In December 2016, the Laurel Leader-Call publicized a desperate plea from organizers of the iconic Mason Park Christmas light display. Organizers of one of the most unique sights in Mississippi were pleading for volunteers to help with a process that is laborious for an army, let alone a small group of volunteers.

The plea went unanswered and those same Magnificent Seven who were responsible for that massive undertaking again gave up countless hours, countless aches and pains — the average age of committee members is 68 — to provide a city of more than 20,000 people such a wonderful spectacle of Christmas cheer.

Again, volunteers didn’t step up to the plate.

The undertaking became too much and the decision had to be made to not light the park this Christmas. The city provides the electricity, but all the physical labor was provided by those volunteers. It was a labor of love, but one that came at a cost to those volunteers. Now, several volunteers are jumping into the fray pledging to save the day and have the park lighted. Sadly, organizers say it’s too little too late — at least for this year.

The park will not be lighted, although a group is trying to construct a smaller display. The undertaking is too complex to just have a group of people show up at the 11th hour to save the day. But there is hope that the darkness that will greet Laurelites at the city’s most magnificent park likely will spur on the next generation of leaders to take on such a project.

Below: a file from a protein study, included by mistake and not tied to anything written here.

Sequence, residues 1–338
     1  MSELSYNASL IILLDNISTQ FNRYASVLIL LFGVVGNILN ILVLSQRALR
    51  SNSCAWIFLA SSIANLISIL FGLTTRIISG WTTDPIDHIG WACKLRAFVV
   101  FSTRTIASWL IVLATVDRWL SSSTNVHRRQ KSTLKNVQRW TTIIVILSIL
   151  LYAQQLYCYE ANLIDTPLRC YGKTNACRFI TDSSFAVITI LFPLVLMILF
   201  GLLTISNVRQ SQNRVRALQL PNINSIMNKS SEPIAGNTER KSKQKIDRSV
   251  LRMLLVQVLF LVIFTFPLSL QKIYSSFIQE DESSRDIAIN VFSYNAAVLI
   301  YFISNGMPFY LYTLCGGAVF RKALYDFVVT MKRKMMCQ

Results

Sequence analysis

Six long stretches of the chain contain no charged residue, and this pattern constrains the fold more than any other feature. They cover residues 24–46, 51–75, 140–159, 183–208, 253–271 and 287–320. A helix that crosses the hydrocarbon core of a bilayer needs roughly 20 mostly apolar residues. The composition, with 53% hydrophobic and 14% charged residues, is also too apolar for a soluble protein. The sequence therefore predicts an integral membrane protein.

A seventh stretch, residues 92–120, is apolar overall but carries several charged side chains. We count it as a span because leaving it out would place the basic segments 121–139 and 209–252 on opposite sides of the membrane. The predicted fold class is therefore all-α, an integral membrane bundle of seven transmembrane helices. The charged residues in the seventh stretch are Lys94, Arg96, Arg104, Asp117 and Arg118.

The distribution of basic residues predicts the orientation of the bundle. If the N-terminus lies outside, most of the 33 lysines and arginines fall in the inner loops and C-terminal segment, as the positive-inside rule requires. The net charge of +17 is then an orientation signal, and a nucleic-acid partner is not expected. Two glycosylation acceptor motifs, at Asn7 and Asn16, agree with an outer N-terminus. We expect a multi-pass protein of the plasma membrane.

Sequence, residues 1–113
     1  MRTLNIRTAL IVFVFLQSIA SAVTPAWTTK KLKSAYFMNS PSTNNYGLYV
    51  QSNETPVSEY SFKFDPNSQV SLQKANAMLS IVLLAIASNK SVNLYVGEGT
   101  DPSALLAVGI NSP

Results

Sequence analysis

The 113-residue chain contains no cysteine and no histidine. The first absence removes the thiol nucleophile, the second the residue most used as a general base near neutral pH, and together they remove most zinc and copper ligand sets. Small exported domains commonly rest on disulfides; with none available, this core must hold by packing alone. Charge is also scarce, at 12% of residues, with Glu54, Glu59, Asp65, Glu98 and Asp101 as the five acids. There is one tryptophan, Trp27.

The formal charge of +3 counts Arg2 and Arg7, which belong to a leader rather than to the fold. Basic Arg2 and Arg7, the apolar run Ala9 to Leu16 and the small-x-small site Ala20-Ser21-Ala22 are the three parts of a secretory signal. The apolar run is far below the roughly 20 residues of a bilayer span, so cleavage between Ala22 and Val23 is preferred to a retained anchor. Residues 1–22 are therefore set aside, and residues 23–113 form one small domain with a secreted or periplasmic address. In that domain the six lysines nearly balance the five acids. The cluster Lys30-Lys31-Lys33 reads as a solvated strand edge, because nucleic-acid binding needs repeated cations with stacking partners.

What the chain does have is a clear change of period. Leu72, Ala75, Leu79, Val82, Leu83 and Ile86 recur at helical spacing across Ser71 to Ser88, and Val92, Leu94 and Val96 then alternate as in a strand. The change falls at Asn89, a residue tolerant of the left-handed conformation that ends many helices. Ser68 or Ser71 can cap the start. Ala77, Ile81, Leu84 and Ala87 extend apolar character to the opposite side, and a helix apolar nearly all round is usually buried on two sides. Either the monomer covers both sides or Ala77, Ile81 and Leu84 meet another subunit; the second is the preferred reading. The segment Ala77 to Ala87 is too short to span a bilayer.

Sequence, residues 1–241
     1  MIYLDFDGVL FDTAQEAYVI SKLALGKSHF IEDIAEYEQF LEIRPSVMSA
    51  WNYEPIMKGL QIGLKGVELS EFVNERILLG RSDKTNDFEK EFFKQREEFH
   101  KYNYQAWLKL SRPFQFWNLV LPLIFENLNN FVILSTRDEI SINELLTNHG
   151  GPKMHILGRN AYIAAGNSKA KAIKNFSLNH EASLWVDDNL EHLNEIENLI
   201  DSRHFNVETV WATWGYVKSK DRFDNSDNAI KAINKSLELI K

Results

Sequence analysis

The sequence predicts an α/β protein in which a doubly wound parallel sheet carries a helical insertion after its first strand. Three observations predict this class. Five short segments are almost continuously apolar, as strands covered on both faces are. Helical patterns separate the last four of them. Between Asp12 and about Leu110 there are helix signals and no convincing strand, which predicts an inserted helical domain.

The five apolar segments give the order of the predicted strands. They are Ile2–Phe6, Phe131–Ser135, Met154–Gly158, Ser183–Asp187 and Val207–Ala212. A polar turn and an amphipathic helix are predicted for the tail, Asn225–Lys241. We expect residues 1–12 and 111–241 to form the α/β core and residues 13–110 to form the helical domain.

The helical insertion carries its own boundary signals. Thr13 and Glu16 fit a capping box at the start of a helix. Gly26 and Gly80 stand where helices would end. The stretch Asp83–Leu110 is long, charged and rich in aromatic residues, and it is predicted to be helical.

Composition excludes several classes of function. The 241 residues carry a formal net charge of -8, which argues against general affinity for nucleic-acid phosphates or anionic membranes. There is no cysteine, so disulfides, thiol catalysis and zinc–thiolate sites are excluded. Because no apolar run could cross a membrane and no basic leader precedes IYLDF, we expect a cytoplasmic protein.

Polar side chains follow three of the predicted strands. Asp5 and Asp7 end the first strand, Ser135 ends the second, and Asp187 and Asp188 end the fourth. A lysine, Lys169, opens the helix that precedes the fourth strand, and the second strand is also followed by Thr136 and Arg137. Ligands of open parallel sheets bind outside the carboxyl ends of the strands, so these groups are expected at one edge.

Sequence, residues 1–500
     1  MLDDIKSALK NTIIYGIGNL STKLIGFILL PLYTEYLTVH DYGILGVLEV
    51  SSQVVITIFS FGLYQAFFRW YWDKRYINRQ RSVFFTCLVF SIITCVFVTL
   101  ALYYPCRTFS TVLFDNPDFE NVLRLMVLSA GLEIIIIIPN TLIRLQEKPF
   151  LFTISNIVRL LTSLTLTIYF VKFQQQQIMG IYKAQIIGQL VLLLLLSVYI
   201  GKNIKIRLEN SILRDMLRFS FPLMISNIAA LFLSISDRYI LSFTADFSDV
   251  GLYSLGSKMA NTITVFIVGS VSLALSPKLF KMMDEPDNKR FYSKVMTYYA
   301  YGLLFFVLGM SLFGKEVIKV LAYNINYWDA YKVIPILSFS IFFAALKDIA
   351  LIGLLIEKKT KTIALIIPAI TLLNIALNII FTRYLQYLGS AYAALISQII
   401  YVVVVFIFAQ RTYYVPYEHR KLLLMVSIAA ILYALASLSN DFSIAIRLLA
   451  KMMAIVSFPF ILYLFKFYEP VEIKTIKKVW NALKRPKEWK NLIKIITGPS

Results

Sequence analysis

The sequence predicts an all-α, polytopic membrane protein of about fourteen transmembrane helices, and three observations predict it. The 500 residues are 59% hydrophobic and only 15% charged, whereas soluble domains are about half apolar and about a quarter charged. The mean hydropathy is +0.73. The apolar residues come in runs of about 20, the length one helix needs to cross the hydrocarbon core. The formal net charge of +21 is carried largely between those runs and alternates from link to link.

We are 100 percent confident that the current crop will pass on their knowledge and know-how to the next crop of leaders. That learning has to start early, even in the summer months well before anyone even dreams of Christmas. It will take a steadfast commitment to giving up nights, weekends, mornings — pretty much entire days — to get that park to its holiday splendor so many of us have loved. How many people, though, drove by those lights without ever giving a thought as to who was responsible for doing all that work? 

There is a 1980s rock song with a lyric, “Don’t know what you’ve got ... til it’s gone.” The Mason Park lights are gone this year — but not forever. A civic club could take up the project, or Leadership Jones County, or the junior leaders of Jones County. All hope is not lost to re-light the park next Christmas.

In the meantime, every Laurel resident owes a debt of gratitude to a group of people — Tim and Barbara Tillery,  Tim Dudley, Gloria James, Frank Dechert, Alvis Hodge, Mary Ann Stevens and Roger McLeod — who took on a thankless undertaking to make Laurel’s Mason Park one of the most unique Christmas experiences in any city, large or small. They toiled in virtual anonymity for years, quietly begging for help. The community will forever owe gratitude to JV Pool, who donated many of the displays and lights.

December will be a bit sadder this year, at least along North 7th Avenue. That can change, though, if enough “new blood” has the commitment and the passion that the Committee to Light Mason Park had. We are confident those new leaders will step up to the plate and make next year better than ever.

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